Modern Day Gollums

You can see the hype building. The rabid, foamed-mouth speculation. Apple is about to release a new, never-before-seen iPhone model. Edge-to-edge screen, no home button? What will it be called? You can see the upcoming queue at the Apple Store, the zombies lining up for the feeding. My precious...

For many people nowadays, the smart phone has become the single most important object in their lives. In public places (like public transportation, cafés, or restaurants), I frequently see the vast majority of people glued to their phones, often ignoring the people they're there with.

Once upon a time, it was thought that smart phones were created to improve our lives. Think how much time you'll save! Access to the whole of the world's information in a tiny form factor that also happens to take great pictures. I worry that exactly the opposite is happening, that current-day smart phones are hurting us more as a people than they are helping.

I don't have any answers, but I'll tell you how I'm coping with it.

Our Minds, Addled by Push Notifications

A recent Wired article proclaimed, "Push notifications are ruining my life. Yours too, I bet."

If you value deep thought and creativity, it's hard to argue with this. Phone apps have been optimized for microengagement, slurping up little bits of your time and figuring out how to get you to come back as soon as possible for your next hit. Every favorite, every like, every Snap is a tiny dopamine fix that leaves you yearning for more. The phone is a slot machine that is always paying out.

App developers are not evil people (well, not all of them), but fine-grained data collection and A/B testing may have had unintended consequences. Every aspect of every app has been vigorously optimized for engagement and revenue. They're supposed to be addictive. Smart phones have become revenue syphons. Your data is a commodity that is sliced and diced and sold to the highest bidder. Advertisers bid on ad space based on your internet behavior. As someone once quipped (and I can't find the original quote), "Facebook knows what you do with your friends; Google knows what you do when you're alone."

A Message from the Universe

Steve Jobs famously said that the 4-inch iPhone was the perfect size. In 2014, I upgraded to an iPhone 6, the first with a larger form factor. Something didn't seem right. It was too big. What was worse, I found myself spending more time on the phone. This was a device that was more about content consumption than about living your life.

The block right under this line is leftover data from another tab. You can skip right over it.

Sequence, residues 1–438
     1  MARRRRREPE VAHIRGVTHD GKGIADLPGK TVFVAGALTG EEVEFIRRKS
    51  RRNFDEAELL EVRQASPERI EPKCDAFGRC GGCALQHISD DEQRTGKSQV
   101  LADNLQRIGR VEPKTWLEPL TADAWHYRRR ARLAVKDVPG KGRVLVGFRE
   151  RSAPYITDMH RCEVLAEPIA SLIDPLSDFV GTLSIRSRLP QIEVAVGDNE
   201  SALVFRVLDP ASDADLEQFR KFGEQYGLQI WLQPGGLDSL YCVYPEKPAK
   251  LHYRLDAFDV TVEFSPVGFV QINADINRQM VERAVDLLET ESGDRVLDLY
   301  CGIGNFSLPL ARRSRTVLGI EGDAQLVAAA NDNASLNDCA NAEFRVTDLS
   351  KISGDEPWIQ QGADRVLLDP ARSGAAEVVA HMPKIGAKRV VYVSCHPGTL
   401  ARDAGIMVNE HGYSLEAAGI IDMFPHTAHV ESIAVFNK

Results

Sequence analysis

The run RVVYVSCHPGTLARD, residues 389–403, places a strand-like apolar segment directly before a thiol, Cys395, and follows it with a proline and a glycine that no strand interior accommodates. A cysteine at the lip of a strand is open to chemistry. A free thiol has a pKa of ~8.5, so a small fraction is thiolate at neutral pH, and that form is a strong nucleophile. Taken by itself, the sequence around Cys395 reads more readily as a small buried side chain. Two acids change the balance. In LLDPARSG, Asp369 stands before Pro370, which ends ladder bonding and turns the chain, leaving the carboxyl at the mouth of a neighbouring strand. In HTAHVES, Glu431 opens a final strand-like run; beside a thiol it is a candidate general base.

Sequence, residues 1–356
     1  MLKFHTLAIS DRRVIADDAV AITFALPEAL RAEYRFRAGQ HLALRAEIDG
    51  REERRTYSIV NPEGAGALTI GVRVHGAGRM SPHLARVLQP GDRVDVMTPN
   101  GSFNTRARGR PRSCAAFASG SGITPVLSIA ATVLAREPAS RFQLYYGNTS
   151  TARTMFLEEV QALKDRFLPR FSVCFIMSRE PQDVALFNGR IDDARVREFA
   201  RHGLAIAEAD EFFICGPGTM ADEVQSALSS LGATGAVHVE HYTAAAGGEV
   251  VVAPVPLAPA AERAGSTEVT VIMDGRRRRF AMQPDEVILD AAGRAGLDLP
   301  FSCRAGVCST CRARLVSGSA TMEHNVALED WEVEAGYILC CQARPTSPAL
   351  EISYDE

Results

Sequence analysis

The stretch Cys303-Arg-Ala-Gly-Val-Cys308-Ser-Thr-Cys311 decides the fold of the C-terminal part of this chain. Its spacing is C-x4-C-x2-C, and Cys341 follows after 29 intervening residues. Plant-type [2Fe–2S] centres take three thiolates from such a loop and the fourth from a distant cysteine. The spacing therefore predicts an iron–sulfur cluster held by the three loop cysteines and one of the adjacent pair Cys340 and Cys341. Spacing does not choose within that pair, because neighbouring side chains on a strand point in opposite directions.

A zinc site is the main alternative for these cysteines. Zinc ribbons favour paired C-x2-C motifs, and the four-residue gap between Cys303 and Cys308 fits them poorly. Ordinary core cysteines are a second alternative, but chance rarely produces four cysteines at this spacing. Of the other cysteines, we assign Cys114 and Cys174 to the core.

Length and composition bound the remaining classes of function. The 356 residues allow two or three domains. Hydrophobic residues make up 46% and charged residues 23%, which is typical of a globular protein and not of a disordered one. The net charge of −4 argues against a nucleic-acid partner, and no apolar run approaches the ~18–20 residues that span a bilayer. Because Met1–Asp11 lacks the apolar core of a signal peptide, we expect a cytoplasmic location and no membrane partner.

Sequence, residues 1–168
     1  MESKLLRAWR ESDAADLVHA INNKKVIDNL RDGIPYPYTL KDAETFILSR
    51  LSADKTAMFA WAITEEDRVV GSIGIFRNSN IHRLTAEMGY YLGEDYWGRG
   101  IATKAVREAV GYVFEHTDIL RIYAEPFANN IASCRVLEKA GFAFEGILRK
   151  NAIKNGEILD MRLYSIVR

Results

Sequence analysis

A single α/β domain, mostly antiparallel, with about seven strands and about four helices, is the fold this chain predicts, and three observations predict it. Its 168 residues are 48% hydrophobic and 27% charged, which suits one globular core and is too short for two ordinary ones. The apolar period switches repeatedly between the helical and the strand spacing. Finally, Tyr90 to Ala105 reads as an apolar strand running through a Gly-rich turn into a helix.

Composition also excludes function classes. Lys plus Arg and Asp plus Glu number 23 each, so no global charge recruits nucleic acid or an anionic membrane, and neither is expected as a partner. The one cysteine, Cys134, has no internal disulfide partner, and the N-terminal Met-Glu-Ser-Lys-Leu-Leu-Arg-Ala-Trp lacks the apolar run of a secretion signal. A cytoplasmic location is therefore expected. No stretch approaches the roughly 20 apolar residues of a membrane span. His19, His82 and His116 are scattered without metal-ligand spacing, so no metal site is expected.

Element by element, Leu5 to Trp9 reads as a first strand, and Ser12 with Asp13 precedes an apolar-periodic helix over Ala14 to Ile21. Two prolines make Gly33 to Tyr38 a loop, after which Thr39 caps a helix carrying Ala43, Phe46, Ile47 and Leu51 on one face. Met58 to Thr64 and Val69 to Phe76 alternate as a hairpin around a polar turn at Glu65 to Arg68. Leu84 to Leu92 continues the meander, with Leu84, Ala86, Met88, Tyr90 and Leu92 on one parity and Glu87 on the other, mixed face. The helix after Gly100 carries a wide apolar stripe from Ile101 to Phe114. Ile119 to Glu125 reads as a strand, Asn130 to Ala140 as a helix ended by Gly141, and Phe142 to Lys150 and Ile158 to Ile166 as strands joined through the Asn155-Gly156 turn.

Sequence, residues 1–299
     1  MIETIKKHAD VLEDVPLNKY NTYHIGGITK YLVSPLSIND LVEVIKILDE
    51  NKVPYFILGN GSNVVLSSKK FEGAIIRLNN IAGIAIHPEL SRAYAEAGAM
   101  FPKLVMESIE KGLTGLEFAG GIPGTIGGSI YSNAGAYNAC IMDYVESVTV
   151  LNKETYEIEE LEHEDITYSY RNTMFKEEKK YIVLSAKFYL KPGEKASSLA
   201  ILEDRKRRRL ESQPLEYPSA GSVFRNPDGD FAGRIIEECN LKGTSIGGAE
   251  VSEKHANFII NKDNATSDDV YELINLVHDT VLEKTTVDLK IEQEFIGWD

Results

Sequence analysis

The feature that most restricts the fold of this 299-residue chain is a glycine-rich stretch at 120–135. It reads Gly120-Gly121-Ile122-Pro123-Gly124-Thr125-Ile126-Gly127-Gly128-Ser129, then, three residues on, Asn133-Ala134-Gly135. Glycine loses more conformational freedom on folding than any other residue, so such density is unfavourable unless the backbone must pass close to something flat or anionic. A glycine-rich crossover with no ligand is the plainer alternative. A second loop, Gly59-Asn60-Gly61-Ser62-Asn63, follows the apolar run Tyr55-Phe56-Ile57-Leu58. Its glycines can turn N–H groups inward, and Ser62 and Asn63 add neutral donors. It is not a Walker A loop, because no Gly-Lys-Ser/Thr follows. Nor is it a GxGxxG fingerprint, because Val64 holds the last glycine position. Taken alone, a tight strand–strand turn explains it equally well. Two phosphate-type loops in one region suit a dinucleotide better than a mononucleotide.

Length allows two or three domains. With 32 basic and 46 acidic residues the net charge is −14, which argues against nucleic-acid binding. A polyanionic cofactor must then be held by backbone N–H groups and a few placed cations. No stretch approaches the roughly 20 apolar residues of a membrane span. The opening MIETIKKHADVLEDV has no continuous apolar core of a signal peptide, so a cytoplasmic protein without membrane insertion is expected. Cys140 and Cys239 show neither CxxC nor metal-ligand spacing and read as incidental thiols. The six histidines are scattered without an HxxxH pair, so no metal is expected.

A little over a year later, I sold my iPhone 6 and "downgraded" to a 4-inch iPhone SE. This was fine for a while, but I continued to be skeptical about how much time I was spending staring at my phone. I found it was especially bad when I was stressed out or procrastinating. I deleted social media apps like Facebook and Twitter and tried to train myself not to mindlessly look at e-mail, news, or time-wasting internet sites. The results were mixed.

Then Donald Trump got elected President of the United States. I'm a fairly apolitical humanist, but regardless of your affiliations you can probably agree that the news has been a continuous tire fire since last November. I found myself looking at the news more and more and my stress levels escalating.

In July of this year, I was visiting Portland and hung out with my friend Kevin. I had been thinking about ditching my smart phone, and while we were talking shop he mentioned his dumb phone project. My resolve to do something about the phone situation became firmer.

When I think about this topic, it always brings to mind the Technology Loop sketch from Portlandia. In it, Fred Armisen is bouncing around between different devices and has a mini-meltdown (watch the video, it's only 2 minutes). So as I was leaving Portland a couple of days after hanging out with Kevin, I was in line for a flight to Burbank and... there's Fred Armisen boarding my flight. It was a Message from the Universe.

Dumb Phones, Data Zombies, and the Future

After a few days of contemplation between different kinds of "dumb phones" (like flip phones), I decided rather than going "full dumb phone" that I would instead get the dumbest smart phone I could find. It needs to do:

  • Text messages with with physical or virtual keyboard
  • Phone calls (with Bluetooth for hands-free)
  • Pictures and MMS
  • Ability to Google things in a pinch
  • Possibly some forms of maps (but not a hard requirement)
  • Not be Android or iOS-based, because that's a gateway to the phone apps I'm trying to avoid

The best option I've found is a ... Blackberry. I was able to pick up a Q10 from Amazon for about $100, one of the last phones Blackberry made before going out of business. I switched from my $60/month data zombie plan with T-Mobile to a $25/month plan from Simple Mobile. So far it's going great.

I still have my old iPhone at home which I need for various random tasks, but I am quite happy to no longer be tethered to the internet 24/7. I've been enjoying leaving the home and spending time with friends without even having the option to look at the internet in a meaningful way (the Blackberry being so crippled by modern standards). There's other options like the Light Phone to consider, too.

I hope that, in the future, some phone option exists which is optimized for helping you live a productive and mindful existence that is more focused on creativity and engaging with people. I find that my best ideas occur after periods of deep thought, and I've already found it more beneficial to spend my idle moments thinking about things instead of mindlessly poking around apps.

I'm not sure how to make this happen so long as smart phones provide a conduit for internet businesses to monetize your attention span. If anyone reading has any ideas, I would love to hear about them.